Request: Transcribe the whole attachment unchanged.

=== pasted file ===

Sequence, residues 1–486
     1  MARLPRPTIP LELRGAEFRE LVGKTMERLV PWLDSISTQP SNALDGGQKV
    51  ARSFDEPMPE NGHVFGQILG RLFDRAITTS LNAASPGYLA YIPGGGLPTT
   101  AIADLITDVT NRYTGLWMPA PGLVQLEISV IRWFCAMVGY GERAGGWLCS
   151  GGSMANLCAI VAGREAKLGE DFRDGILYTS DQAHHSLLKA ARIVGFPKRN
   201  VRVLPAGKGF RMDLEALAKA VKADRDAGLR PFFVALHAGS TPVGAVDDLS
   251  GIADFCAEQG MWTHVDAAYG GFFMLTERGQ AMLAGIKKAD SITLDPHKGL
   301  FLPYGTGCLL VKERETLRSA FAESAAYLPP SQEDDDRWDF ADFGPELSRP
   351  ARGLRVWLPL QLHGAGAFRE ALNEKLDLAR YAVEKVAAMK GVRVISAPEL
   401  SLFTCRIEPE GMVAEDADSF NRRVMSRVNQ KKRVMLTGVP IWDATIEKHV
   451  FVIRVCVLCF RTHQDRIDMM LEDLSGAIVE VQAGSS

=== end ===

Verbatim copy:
Sequence, residues 1–486
     1  MARLPRPTIP LELRGAEFRE LVGKTMERLV PWLDSISTQP SNALDGGQKV
    51  ARSFDEPMPE NGHVFGQILG RLFDRAITTS LNAASPGYLA YIPGGGLPTT
   101  AIADLITDVT NRYTGLWMPA PGLVQLEISV IRWFCAMVGY GERAGGWLCS
   151  GGSMANLCAI VAGREAKLGE DFRDGILYTS DQAHHSLLKA ARIVGFPKRN
   201  VRVLPAGKGF RMDLEALAKA VKADRDAGLR PFFVALHAGS TPVGAVDDLS
   251  GIADFCAEQG MWTHVDAAYG GFFMLTERGQ AMLAGIKKAD SITLDPHKGL
   301  FLPYGTGCLL VKERETLRSA FAESAAYLPP SQEDDDRWDF ADFGPELSRP
   351  ARGLRVWLPL QLHGAGAFRE ALNEKLDLAR YAVEKVAAMK GVRVISAPEL
   401  SLFTCRIEPE GMVAEDADSF NRRVMSRVNQ KKRVMLTGVP IWDATIEKHV
   451  FVIRVCVLCF RTHQDRIDMM LEDLSGAIVE VQAGSS